A MODERN WAY TO DIE: Small Stories and Microtales by Peter Wortsman

A MODERN WAY TO DIE: Small Stories and Microtales

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KIRKUS REVIEW

A first collection, by a writer best known for his translation of Robert Musil's Posthumous Papers of a Living, Author, that can be read in five-minute snatches: it consists of 70 short-shorts, fragments, prose poems, and ""microtales""--a hit-and-miss affair where minimalism meets the surreal, resulting in equal doses of lyricism and tabloid humor. In the title story, a slight, surreal sketch, death is a spectator sport--in a tale that's a variation on the myth of the Grim Reaper. ""The House of Phantasy"" is a sadomasochistic tale set in the Third Reich; ""Exquisite Scream, According to X"" is about collecting screams, literally; while ""Jonah: A Fish Story"" is an amusing (but also slight) fable about a man who discovers that he has gills instead of lungs. Some of the pieces are quick, deft power fantasies: In ""Little Accidents Will Happen,"" for instance, a man's machine--or ""rejector""--casually amputates body parts or otherwise inflicts physical damage to strangers when its owner is annoyed or offended. Other short-shorts are interesting in their orchestration: ""The Eye of the Beholder"" brings together a young voyeur, an invalid mother, and a Bible saleswoman as Wortsman creates an encounter that reaches a point of logical absurdity. Of the so-called ""microtales,"" some are descriptive prose poems (""Pigeons,"" ""Squirrels,"" ""Still Life""), while other are surreal fragments (""Little Alien From the Planet Venus,"" ""Singing Doors,"" ""Thank You, Marcel Duchamp,"" ""The Birdman""). Wortsman tries to make a virtue out of sparsity--and sometimes succeeds--in stories that (as he says in a foreword) ""appeared in the absence of big things to say.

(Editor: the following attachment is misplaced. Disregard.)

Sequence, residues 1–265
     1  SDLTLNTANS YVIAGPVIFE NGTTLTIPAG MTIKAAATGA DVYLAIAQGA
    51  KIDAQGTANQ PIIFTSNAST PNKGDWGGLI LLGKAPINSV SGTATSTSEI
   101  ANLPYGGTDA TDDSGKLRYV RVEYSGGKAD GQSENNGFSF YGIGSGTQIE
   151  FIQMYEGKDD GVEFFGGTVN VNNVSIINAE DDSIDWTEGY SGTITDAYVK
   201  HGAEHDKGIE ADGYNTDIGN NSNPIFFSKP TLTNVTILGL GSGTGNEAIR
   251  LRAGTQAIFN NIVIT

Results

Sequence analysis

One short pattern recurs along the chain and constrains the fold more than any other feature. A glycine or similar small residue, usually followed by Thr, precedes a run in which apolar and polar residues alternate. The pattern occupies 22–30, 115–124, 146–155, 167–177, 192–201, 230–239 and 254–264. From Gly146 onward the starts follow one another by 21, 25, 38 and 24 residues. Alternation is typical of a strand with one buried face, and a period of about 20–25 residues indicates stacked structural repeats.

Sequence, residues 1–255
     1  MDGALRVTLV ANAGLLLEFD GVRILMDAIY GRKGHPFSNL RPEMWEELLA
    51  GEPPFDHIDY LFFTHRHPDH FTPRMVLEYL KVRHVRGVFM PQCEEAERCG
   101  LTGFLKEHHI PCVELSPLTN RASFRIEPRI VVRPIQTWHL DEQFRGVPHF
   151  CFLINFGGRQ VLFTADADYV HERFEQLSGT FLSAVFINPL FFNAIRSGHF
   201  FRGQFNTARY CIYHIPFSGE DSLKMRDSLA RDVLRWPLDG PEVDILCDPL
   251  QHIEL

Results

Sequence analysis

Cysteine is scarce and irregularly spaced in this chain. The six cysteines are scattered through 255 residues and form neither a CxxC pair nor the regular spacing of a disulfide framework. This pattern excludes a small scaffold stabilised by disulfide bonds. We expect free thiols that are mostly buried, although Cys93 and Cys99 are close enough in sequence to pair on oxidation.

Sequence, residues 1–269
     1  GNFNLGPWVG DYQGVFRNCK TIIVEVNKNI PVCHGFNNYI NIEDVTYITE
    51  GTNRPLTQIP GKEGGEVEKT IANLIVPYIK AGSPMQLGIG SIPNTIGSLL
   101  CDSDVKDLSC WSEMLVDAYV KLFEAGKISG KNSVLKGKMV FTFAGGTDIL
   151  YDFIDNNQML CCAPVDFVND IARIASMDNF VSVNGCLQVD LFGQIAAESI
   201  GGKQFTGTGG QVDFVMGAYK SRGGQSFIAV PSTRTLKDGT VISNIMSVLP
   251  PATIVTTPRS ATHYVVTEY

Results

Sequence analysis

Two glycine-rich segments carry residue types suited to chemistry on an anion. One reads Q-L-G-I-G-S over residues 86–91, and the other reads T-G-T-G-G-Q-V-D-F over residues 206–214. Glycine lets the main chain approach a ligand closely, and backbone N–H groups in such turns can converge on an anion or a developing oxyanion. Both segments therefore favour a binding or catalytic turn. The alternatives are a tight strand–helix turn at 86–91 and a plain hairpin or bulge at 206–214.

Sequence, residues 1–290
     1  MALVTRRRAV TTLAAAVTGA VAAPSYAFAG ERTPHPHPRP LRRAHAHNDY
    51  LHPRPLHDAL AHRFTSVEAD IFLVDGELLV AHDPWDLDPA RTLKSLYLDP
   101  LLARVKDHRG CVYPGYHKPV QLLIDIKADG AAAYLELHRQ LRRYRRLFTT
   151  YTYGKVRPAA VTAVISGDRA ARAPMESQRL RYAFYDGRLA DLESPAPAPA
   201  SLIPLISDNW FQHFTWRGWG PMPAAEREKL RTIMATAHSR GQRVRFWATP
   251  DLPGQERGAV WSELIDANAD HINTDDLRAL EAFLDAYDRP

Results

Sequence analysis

Pub Date: Jan. 2nd, 1992
Page count: 234pp
Publisher: Fromm